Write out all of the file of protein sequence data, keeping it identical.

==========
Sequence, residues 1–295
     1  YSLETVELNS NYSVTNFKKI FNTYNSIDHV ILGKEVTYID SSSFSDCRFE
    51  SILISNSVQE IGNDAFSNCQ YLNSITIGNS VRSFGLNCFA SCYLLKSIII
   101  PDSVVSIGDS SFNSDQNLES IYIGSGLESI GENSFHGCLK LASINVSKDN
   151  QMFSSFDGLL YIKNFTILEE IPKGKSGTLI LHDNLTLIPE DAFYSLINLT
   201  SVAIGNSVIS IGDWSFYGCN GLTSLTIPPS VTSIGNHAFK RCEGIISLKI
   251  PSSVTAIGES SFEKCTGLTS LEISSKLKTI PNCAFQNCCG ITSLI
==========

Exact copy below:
Sequence, residues 1–295
     1  YSLETVELNS NYSVTNFKKI FNTYNSIDHV ILGKEVTYID SSSFSDCRFE
    51  SILISNSVQE IGNDAFSNCQ YLNSITIGNS VRSFGLNCFA SCYLLKSIII
   101  PDSVVSIGDS SFNSDQNLES IYIGSGLESI GENSFHGCLK LASINVSKDN
   151  QMFSSFDGLL YIKNFTILEE IPKGKSGTLI LHDNLTLIPE DAFYSLINLT
   201  SVAIGNSVIS IGDWSFYGCN GLTSLTIPPS VTSIGNHAFK RCEGIISLKI
   251  PSSVTAIGES SFEKCTGLTS LEISSKLKTI PNCAFQNCCG ITSLI